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Many tumor cells, which under normal, healthy conditions would be recognized by the body’s T cells and thereby targeted for destruction, have developed ways to evade the host immune system by taking advantage of immune checkpoint pathways. Among the most promising approaches to activating therapeutic antitumor immunity is through the blockade of immune checkpoints. The programmed cell death-1 (PD-1) immune checkpoint pathway is a negative regulator of T-cell immune function. When PD-1 is bound to programmed cell death-ligand 1 (PD-L1), T cell response is suppressed. Inhibitors that block PD-1/PD-L1 complex formation lead to increased activation of T-cells and immune system functions, allowing the body’s immune system to identify and attack tumor cells. So far, several anti-PD-1 or PD-L1 monoclonal antibodies have been developed to treat a variety of cancers, including non-small cell lung carcinoma (NSCLC), metastatic melanoma and renal cancer. The promise of therapeutically exploiting this pathway has created a need for more robust, straight-forward assays to identify and qualify potential inhibitors which interrupt PD-1/PD-L1 binding. Find out how AlphaLISA® technology provides a simple, homogenous, straightforward method for detecting PD-1/PD-L1 binding.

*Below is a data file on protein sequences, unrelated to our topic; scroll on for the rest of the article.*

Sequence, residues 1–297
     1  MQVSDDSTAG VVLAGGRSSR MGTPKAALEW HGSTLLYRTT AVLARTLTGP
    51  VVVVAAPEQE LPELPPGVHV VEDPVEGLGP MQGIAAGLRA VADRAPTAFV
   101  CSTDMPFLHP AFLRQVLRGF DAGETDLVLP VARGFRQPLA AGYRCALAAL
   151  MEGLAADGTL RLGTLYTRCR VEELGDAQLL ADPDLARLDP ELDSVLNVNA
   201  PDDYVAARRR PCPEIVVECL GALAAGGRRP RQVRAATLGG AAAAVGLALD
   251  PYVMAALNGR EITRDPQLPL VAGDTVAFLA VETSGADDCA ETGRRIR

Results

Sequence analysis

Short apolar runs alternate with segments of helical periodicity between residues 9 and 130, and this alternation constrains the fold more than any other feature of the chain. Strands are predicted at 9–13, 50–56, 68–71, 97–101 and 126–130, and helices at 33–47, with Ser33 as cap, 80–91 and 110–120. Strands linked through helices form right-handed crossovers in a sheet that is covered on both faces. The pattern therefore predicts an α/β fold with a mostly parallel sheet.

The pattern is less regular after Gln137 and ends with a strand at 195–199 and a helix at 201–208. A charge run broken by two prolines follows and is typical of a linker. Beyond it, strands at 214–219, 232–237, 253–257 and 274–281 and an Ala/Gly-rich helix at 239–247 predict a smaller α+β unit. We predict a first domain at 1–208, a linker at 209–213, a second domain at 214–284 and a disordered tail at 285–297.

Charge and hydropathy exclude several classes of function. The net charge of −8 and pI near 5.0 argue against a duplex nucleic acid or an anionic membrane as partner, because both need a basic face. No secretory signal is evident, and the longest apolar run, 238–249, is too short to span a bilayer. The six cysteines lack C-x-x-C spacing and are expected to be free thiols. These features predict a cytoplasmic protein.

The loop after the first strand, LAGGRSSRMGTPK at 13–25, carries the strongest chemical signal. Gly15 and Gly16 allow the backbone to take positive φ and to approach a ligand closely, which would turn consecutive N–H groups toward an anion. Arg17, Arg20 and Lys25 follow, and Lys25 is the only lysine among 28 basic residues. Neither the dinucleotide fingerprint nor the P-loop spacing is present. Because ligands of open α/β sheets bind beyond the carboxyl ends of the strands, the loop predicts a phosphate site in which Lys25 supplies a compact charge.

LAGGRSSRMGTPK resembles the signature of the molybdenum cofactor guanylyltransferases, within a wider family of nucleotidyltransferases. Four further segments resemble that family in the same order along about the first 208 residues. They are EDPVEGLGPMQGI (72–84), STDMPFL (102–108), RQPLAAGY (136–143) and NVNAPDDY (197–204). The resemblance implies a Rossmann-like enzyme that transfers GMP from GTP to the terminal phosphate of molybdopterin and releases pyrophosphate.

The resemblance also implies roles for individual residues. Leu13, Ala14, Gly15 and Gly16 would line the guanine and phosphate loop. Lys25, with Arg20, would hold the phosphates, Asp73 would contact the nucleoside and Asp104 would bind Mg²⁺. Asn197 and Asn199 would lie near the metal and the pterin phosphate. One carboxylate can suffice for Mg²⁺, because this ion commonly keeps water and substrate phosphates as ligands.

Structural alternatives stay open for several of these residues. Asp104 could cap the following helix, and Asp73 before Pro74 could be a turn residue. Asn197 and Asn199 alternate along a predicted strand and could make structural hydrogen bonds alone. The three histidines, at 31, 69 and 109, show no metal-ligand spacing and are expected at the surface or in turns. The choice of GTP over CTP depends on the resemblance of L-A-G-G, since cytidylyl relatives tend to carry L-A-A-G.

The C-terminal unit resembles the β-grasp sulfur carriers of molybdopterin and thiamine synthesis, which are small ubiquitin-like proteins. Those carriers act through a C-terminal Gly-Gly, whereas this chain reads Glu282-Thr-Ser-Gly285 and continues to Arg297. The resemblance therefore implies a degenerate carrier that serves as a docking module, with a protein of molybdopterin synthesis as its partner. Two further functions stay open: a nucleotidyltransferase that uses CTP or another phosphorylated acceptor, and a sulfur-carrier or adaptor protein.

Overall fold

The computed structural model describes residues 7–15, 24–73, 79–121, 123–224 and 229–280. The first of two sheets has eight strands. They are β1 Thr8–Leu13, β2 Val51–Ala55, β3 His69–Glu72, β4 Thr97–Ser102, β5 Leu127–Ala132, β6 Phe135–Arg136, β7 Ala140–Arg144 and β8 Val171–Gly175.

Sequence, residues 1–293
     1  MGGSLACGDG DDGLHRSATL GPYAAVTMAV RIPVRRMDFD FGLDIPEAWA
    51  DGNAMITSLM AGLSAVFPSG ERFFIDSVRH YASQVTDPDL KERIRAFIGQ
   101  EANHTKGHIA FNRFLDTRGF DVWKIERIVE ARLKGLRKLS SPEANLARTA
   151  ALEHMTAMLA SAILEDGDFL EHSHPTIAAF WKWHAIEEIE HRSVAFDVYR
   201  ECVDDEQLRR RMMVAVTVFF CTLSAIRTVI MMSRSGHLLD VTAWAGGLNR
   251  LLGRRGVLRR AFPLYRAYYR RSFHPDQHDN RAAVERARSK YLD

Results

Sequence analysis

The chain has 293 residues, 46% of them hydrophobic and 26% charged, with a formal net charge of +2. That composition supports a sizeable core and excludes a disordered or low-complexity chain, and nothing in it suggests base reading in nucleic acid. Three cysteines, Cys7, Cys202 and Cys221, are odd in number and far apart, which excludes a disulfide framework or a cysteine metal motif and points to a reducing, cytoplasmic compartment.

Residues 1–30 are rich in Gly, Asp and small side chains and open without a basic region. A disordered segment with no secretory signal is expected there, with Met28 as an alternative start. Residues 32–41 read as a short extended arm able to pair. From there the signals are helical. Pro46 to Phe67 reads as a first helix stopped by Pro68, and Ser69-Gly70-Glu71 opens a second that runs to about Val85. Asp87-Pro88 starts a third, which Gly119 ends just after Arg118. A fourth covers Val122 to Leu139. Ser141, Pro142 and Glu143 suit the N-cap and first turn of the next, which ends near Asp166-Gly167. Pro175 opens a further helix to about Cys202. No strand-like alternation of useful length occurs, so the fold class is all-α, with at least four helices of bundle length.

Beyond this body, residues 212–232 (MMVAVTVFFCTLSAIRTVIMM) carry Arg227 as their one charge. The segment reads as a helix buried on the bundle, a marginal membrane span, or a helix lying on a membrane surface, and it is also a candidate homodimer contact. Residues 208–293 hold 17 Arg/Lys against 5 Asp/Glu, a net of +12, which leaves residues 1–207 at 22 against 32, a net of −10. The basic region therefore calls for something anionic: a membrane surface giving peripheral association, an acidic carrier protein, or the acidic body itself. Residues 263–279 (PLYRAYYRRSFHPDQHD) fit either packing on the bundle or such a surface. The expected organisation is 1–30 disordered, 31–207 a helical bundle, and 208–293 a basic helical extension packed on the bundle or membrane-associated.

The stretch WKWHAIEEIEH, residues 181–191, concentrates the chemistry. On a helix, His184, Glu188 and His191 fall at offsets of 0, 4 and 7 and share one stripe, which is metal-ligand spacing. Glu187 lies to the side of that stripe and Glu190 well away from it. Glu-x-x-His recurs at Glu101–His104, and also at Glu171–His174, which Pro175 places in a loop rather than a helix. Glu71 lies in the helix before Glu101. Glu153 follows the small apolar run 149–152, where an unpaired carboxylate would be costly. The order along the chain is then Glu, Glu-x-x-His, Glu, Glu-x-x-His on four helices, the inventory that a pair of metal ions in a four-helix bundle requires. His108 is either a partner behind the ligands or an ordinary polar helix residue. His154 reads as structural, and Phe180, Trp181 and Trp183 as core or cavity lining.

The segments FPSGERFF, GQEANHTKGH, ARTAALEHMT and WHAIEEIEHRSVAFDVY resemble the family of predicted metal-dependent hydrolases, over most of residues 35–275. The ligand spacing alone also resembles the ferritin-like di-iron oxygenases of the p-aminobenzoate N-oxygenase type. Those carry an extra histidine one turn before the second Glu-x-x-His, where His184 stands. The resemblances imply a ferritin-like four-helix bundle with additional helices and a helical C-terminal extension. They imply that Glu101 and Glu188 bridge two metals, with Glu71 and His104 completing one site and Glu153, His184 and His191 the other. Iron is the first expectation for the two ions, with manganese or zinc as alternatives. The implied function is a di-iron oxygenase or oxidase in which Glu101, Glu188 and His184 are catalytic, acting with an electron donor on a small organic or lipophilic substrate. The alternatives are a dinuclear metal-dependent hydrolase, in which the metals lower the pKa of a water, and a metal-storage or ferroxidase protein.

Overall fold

Mouse pharmacological models continue to play a large role in the study of human disease, and mouse tool reagents have shown high utility in immunology and cancer research for decades. It can often be quicker to learn about immunology and the regulation of immune responses using a syngeneic mouse model. However, working in mouse systems can often require the development of separate mouse reagents, if the therapeutic agent of interest does not cross-react with mouse. Find out how the AlphaLISA® human PD-1/PD-L1 and AlphaLISA mouse PD-1/PD-L1 binding assays provide a fast, powerful, homogeneous platform for obtain binding potencies from potential novel drug candidates.
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